By David Bollier*In These Times
February 27, 2004
Former Interior Secretary Walter Hickel once explained: "If you steal $10 from a man's wallet, you're likely to get into a fight. But if you steal billions from the commons, co-owned by him and his descendants, he may not even notice."
And so on.
The privatization of public resources is not a new story, to be sure, but the current rapacity is truly stunning. Much of the immediate blame must go to the Bush administration, which has rewarded corporate contributors with one of the most sweeping waves of privatization and deregulation in our history. But while Republicans are the most aggressive cheerleaders for privatization, many Democrats equally enthuse about the "free market" as an engine of progress and deride strong government stewardship of resources.
This bipartisan support is why fighting privatization is so difficult. American political culture has a strong faith in the efficacy of markets and skepticism in the competence of government. Critics bravely cite individual episodes of privatization gone bad, but there is no compelling philosophical response or alternative grand narrative to the logic of privatization.
A new framework rises
An embryonic force to counter the push to privatize is gaining momentum, however: the concept of "the commons." The language is still rudimentary and people who rely upon the country's multiple commons have not yet built a shared philosophy, but even so a remarkably broad groundswell of activism is emerging.
The commons describes the many resources we collectively own that are being mismanaged by government or siphoned away by corporations. Some commons are physical assets, such as the global atmosphere, ecosystems, clean water, wildlife and the human genome. Some commons are public institutions such as libraries, museums, schools and government agencies. Still other commons are social communities, such as the "gift economies" of people who contribute their time and expertise to create valuable resources. Examples include scientific disciplines and Internet communities, both of which depend on the open exchange of information.
The point of talking about the commons is to reassert a basic truth: Power does not reside in government and markets alone. It also belongs to "we the people." This is not just a rhetorical point. The commons has its own moral authority, social effectiveness and political power - which is why leaders of government and corporations routinely invoke the concept. Power in a democracy must constantly justify its moral and political legitimacy by associating itself with "the people."
To be sure, government often does act as a trustee for the American people, and markets can be efficient tools for material progress. What is too often ignored, however, is that the commons is a sovereign force in its own right. Sometimes the interests of the commons are best protected through its own institutions rather than through government or markets. Such institutions can take many forms: stakeholder trusts, land trusts, professional communities, civic associations, online networks, and cooperative arrangements like blood banks and libraries.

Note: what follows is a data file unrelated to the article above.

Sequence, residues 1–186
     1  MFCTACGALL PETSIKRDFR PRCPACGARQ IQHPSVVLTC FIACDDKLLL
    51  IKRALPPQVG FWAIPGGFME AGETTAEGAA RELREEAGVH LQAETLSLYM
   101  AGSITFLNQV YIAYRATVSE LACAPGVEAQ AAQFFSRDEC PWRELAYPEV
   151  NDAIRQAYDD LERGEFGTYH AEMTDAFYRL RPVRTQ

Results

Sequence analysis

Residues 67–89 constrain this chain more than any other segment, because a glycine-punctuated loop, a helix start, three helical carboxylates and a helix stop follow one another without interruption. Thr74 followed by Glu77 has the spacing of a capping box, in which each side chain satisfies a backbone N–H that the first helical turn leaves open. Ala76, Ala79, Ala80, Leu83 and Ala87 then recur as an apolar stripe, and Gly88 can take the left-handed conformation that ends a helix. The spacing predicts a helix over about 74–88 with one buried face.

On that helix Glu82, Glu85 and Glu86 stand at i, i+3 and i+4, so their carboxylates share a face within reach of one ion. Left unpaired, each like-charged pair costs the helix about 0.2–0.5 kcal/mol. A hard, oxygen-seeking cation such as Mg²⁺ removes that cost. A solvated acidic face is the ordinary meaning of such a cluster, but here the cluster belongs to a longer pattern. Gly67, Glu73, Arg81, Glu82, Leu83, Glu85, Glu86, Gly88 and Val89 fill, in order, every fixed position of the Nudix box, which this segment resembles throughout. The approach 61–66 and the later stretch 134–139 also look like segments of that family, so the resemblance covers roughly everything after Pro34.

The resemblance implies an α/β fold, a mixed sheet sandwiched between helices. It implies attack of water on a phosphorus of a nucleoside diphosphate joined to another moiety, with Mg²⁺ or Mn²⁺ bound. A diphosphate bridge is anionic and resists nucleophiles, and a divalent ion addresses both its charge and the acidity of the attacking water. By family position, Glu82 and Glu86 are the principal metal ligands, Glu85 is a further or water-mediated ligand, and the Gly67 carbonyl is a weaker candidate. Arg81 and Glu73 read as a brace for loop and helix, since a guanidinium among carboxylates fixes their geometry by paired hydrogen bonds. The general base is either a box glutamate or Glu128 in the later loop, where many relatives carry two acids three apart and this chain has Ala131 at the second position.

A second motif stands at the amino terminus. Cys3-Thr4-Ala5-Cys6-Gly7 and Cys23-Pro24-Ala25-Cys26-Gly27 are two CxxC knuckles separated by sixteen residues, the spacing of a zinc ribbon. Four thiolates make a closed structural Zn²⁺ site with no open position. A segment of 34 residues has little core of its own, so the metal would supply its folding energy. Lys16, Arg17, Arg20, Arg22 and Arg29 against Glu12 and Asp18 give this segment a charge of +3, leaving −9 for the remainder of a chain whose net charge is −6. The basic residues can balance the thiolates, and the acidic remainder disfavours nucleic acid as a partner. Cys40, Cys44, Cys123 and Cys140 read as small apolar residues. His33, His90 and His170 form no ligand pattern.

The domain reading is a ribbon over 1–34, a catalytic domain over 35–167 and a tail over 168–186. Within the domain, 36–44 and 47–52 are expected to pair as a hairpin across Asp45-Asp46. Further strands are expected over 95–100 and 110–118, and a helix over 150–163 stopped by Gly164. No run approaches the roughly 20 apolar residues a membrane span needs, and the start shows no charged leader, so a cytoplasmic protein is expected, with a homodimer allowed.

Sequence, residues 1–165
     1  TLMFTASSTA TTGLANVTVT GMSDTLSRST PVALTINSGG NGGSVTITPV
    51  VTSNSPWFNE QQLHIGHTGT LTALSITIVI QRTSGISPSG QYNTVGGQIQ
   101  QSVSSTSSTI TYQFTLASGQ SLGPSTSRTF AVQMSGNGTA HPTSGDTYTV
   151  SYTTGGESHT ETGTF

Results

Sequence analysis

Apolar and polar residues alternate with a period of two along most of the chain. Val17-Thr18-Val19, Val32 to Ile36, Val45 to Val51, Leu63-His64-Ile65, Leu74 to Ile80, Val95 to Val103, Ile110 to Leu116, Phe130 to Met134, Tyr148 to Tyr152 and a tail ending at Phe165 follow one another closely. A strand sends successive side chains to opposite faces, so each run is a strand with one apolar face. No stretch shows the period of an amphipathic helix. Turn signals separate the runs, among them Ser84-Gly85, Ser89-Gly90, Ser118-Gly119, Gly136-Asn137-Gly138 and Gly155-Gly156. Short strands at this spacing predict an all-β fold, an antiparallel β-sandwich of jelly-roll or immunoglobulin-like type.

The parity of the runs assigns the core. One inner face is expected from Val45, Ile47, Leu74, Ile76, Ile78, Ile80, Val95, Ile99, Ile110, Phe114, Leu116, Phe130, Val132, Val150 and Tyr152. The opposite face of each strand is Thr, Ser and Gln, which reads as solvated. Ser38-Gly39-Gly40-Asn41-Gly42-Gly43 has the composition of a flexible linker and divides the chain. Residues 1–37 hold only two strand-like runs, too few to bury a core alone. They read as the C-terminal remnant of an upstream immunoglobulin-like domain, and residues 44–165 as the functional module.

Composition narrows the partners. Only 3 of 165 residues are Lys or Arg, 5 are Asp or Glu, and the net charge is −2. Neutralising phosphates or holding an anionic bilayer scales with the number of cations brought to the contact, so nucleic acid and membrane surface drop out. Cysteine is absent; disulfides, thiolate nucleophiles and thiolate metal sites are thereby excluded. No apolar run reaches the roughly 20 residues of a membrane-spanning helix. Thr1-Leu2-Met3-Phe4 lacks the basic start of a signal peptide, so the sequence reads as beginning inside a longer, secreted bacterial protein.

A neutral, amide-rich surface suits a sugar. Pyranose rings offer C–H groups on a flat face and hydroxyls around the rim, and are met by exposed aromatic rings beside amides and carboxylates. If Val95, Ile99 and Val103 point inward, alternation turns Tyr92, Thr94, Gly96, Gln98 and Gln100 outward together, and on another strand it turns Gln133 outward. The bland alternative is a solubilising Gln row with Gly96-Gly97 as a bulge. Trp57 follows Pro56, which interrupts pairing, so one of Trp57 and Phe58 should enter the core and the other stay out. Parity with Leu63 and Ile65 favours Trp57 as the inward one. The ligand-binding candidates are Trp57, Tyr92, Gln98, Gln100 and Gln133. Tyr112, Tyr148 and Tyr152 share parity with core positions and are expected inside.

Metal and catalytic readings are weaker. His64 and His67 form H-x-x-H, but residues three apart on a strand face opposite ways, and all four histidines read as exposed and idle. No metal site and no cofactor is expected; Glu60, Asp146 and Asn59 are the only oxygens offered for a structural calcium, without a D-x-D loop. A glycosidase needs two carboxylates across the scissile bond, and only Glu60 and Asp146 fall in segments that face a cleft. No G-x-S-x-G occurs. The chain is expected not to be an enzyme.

The Alaska Permanent Fund is a terrific example of a stakeholder trust. Every year, the Fund gives every Alaska citizen an equal slice of revenues from oil drilling on state lands. Now with some $27 billion in assets, the Fund generated dividends of about $1,107 for every state resident in 2003.
One reason that public libraries, parks and land trusts serve the commons is because they are institutionally designed to serve everyone. Unlike markets, which cater to those with money, a commons generally aims to provide equal access to a resource. Access is a civic or social right, not a privilege reserved for those who can afford it.
An evolving moral economy
Surely the biggest, most robust commons in history is the Internet, which has enabled an unprecedented type of bottom-up creativity and control. The Internet has spawned countless collaborative Web sites, online discussion forums, peer-to-peer file sharing communities and instant messaging networks. Interactions on such commons are not governed by contracts or money changing hands, but by social trust and reciprocity.
The commons, in short, has a different "moral economy" than the market. As any economist will tell you, a market is based on rational individuals maximizing their utility through economic exchange. By contrast, a commons tends to be based on a community of shared values managing a resource according to agreed-upon moral or social norms. The resource may or may not be recognized as saleable property.
The "moral economy" of the commons can be so efficient and creative that it sometimes outperforms the market on its own terms. The GNU/Linux operating system, now in use on one-third of the nation's servers, is perhaps the best proof of this fact, along with hundreds of other open source software communities. Countless Web communities achieve valuable types of coordination and collaboration that a market regime, with its expensive legal, marketing and payment apparatus, could not easily match.
This is a key reason online enterprises based on social networking - open source software, Friendster, peer-to-peer file sharing, instant messaging, viral marketing - are thriving, while conventional enterprises that seek to manipulate and control online consumers are less successful. Online sharing and collaboration is cheap, easy and socially convivial - a reality that "does not compute" in the neoclassical economic model.